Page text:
Craig Kimbrel, RHP, Los Angeles Dodgers 

This trade had the worst timing to it. Not too long after the trade was announced, flamethrowing young southpaw Garrett Crochet went down for the season as he requires Tommy John surgery. Crochet was going to be a huge piece to the Sox bullpen and now they lost two big arms in one fell swoop. While Kimbrel had a rough time of it after joining the White Sox at the trade deadline, you can really blame it on the fact they were using him in the wrong inning. Trading for another reliever or two is something on the horizon for Chicago. Even with Kelly and Graveman, they need more.

Carlos Rodon, LHP, San Francisco Giants

The ace of the White Sox last season, Rodon is a big loss. The southpaw broke out for a 13-5 record, 2.37 ERA, 0.957 WHIP, and 185 strikeouts in 132 2/3 innings. Chicago will be without some pitching to start the season, as Lance Lynn underwent knee surgery for a torn tendon and is shut down for a month. Jonathan Stiever is also recovering from a lat injury he suffered last August and he is projected to return in June.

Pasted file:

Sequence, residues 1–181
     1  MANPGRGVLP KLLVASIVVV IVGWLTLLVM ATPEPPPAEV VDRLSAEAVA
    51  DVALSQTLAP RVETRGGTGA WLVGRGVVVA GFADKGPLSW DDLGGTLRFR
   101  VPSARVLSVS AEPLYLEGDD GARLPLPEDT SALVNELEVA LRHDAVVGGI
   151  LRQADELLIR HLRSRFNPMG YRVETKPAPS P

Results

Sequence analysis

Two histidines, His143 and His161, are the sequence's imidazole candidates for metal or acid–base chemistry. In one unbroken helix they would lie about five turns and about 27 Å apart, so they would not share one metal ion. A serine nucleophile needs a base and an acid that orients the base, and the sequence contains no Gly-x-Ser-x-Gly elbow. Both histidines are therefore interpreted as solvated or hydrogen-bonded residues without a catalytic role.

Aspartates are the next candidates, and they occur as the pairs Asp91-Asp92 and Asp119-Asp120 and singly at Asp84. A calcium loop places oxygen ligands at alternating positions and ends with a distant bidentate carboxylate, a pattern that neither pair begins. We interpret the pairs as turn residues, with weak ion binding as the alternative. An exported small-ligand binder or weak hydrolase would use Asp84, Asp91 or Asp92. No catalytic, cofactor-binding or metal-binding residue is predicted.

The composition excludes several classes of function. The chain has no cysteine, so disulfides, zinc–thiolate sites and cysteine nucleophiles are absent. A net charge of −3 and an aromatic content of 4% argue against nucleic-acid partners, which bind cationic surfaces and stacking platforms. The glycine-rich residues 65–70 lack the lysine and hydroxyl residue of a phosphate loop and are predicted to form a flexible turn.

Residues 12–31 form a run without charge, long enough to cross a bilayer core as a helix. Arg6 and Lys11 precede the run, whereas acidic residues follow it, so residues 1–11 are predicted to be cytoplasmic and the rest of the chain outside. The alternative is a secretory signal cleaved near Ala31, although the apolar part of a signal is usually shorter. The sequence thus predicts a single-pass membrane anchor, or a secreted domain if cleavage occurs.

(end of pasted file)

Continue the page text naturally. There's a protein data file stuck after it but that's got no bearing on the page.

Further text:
That really wipes out their depth for the first few months, but they still have a solid top four in Lucas Giolito, Dylan Cease, Dallas Keuchel, and Michael Kopech. The South Siders also signed Vince Velasquez to a one-year deal, and he will likely be the fifth starter to begin the season before transitioning to the bullpen. Johnny Cueto was also signed to a minor league deal, so he will likely see some starts in the big leagues.

Cesar Hernandez, 2B, Washington Nationals

The loss of Hernandez made way for the addition of Harrison, which is an upgrade. The second baseman played just 53 games with the White Sox after they traded for him at the trade deadline. He only hit .232 with a 69 OPS+.

2022 Outlook 

The White Sox might get off to a slow start with the injuries in their rotation, but they won’t take long to get rolling. Their lineup is uber-dangerous and they still have very strong healthy arms in the rotation and bullpen. Losing Rodon is a big hit, but the moves they made in the offseason give them depth and filled needs. They have a team to make a big run in the postseason. As they get healthy could run away with the AL Central.

Prediction: 95-67

Luis Robert and Eloy Jimenez were both limited to less than 70 games last season, and the White Sox still won 93 games. When healthy, they are two of the scariest sluggers in the league. Robert really showed he was the team’s MVP when he returned from a torn hip flexor in August. In 43 games post-injury, he hit .350/.389/.622 with a 1.011 OPS, 173 wRC+, and .424 wOBA. A full season will be scary for opposing teams and he should be in the running for AL MVP.

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Main Image Credit: Embed from Getty Images